This was hard to realize until I did a teachery thing, and decided to get more organized and proactive. And, of course, make a list. As many of you around the world – teachers, parents, students, normals, start looking at the next few weeks (or months, because gosh, who knows) of quarantine or social distancing, here are some things I’ve learned and some hopefully helpful tips:
- Don’t panic buy. People did in HK with toilet paper, because there was a random rumour that the factories in China that make toilet paper were going to stop making it in favour of making masks. People freaked out. But people bought so much TP, it’s now going mouldy in their houses, which causes other problems. We created a crisis in a crisis. Also, rats like to live in toilet paper. There will be TP. Or just take a shower after. Calm down. You also need everyone around you to have soap and hand sanitizer, which they cannot have if you buy four hundred cases.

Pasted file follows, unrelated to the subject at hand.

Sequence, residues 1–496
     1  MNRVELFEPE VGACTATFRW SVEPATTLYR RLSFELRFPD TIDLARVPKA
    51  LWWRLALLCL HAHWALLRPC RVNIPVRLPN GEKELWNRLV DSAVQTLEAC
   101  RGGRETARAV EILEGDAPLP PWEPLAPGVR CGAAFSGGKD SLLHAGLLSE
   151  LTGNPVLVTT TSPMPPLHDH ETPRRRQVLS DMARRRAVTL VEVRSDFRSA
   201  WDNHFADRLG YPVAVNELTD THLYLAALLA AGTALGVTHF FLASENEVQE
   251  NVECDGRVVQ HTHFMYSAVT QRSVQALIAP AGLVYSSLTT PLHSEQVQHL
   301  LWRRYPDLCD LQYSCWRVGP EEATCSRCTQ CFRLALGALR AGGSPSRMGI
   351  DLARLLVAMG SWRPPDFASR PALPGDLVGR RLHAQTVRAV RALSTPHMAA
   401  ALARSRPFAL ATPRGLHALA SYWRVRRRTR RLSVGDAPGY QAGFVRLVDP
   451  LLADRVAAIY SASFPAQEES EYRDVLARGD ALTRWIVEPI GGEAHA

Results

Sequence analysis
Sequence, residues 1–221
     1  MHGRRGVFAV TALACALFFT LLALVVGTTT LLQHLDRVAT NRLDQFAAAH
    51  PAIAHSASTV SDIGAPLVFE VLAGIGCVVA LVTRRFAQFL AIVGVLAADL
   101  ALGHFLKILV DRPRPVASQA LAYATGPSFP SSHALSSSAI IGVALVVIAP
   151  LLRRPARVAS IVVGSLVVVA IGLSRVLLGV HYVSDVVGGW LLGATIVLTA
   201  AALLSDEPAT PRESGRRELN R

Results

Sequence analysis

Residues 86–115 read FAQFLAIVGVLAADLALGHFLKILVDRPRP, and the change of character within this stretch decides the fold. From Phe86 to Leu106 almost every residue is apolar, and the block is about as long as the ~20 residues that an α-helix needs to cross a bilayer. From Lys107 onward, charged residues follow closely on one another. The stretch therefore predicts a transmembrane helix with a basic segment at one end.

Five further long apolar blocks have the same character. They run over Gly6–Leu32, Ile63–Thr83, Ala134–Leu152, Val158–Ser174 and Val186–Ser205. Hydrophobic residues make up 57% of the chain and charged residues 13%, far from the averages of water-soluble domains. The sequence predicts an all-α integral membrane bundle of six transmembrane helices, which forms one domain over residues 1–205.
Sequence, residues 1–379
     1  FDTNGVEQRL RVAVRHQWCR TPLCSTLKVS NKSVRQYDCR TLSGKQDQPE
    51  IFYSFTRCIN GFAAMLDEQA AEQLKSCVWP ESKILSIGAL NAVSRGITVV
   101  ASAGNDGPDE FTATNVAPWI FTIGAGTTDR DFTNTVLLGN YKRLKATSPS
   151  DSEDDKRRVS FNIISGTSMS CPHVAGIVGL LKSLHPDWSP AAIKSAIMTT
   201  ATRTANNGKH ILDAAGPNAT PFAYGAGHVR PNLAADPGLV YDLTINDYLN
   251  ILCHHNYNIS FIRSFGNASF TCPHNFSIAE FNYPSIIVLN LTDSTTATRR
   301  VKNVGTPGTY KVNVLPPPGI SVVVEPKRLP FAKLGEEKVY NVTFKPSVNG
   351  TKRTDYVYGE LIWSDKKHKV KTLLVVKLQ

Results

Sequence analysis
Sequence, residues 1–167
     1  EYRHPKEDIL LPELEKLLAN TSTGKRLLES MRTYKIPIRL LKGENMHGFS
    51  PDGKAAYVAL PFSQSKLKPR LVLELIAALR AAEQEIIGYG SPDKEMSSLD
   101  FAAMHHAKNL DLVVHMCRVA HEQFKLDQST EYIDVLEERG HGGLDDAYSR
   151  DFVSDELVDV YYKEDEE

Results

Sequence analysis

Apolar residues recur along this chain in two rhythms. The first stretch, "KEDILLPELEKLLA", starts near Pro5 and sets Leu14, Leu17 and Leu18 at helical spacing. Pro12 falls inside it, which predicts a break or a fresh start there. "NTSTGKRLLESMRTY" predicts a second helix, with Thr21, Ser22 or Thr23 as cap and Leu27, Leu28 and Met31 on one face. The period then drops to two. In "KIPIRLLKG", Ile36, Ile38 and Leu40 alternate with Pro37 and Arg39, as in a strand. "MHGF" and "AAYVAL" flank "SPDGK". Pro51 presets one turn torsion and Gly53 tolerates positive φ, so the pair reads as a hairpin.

- Get a routine going. Be normal. Keep getting up in the morning at the same-ish time. There were some days I didn’t brush my teeth until I left for the gym, which is gross. It helps to stay in routine, to wash your face, to put on a bra, to set up a home office, set working hours. Working from bed led to some terrible back pain for me (curse you, mid-thirties!). Make a designated space, especially for kids doing school work.
- Work out. Get outside every day.
- Set small goals – make a list of things to clean and organize, one a day. It feels amazing. Clean out closets, rearrange your shelves. I made a thanksgiving cornbread recipe in March because I found the mix one day. It was a delight.
- Daily chores – make your bed, change your clothes, shower, clean your house a bit, as it will get dirtier now you’re home more. Floss.
- Cook things you’ve always wanted to. Make fancy pizzas, learn a new curry recipe, try homemade sourdough! It was so rewarding. (disclaimer: I looked up my curry recipe, and then just ordered it on Deliveroo.)
- Read all the physical books in your house before you download new ones. Then donate what you won’t read again.